Second, there is a big difference between the one who had been made king and the one who was born a king. Herod had used all of his connections and power to act like a king, now he was upstaged by a real king.  Despite his treachery, Herod would not win out.  Despite the slaughter of innocent children to protect his rule, he would die and Jesus would live.  Herod’s kingdom was earthly but the Kingdom of Jesus is eternal.

Finally, the wise men were like many people today--they were very spiritual but were still looking for more.  This is a good reminder that we need to look for opportunities to share our faith with those who are seekers, nurturing the spark of truth that they perceive.

(This blog was originally posted on December 29, 2013.)

Wednesday, December 27, 2017

Together--Community as a Means of Grace: A Review

Community is at the center of what it means to be church.  A missional church that is engaged with its culture is constantly renegotiating exactly how community will be manifested but it will always be central. 

In this second volume of the Missional Wisdom Library, Larry Duggins draws on Wesleyan theology to show how both prevenient grace (preparation for salvation) and sanctifying grace (growing in holiness) can be manifested in various types of community.  He writes,

“As people of God, we cannot ‘save’ other people . . .  But we can work to bring people together in a way that makes it easier for them to encounter the grace of God in an environment that is encouraging, with people who can help interpret their experiences.” (pp. 80-81)

Duggins points out that any community can be a place of grace and gives examples from churches, the workplace, around food (growing, cooking and consuming it), children’s activities and schools, and affinity groups.  The Missional Wisdom Foundation with which Duggins works has developed some interesting mixed-use spaces in cooperation with churches where new approaches to community are developed.  One is The Mix, a co-working and creative space in the basement of White Rock United Methodist Church in Dallas, Texas.  Another is Haw Creek Commons, an adaptive reuse/transformation of Bethesda UMC in Asheville, North Carolina.  He provides extensive examples and testimonies from each setting.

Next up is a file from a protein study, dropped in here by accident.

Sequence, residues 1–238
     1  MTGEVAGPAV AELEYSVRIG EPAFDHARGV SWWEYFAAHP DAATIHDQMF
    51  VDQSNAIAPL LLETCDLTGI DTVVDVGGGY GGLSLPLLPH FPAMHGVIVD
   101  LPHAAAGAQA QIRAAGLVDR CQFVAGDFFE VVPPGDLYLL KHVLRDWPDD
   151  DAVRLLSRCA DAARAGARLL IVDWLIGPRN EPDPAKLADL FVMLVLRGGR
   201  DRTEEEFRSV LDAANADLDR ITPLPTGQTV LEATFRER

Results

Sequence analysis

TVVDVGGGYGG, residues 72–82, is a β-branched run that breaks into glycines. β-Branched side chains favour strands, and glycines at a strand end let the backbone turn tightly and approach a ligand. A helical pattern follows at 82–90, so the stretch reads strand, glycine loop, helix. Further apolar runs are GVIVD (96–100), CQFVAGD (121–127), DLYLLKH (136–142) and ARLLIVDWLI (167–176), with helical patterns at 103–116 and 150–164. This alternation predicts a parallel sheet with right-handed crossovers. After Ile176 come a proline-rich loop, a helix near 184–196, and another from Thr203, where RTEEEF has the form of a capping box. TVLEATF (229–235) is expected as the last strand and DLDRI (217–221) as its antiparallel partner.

Although the work of MWF is strongly tied to the United Methodist Church (see the first book in the series, Missional, Monastic,Mainline:  A Guide to Starting MissionalMicro-Communities in Historically Mainline Traditions), Duggins also realizes that not everyone reached through these alternative communities will be comfortable in a traditional church.  Other ways of engaging interested individuals in their growth as disciples must be provided.

In fact, the writer provides a strong argument that theological education must change in order to expand this type of outreach:

“Pastoral leaders must be trained in community development and spiritual direction as well as in leading a Sunday service, and a new generation of ordained and lay leaders must emerge who are capable of organizing and leading these new forms of Christian community.”  (p. 79)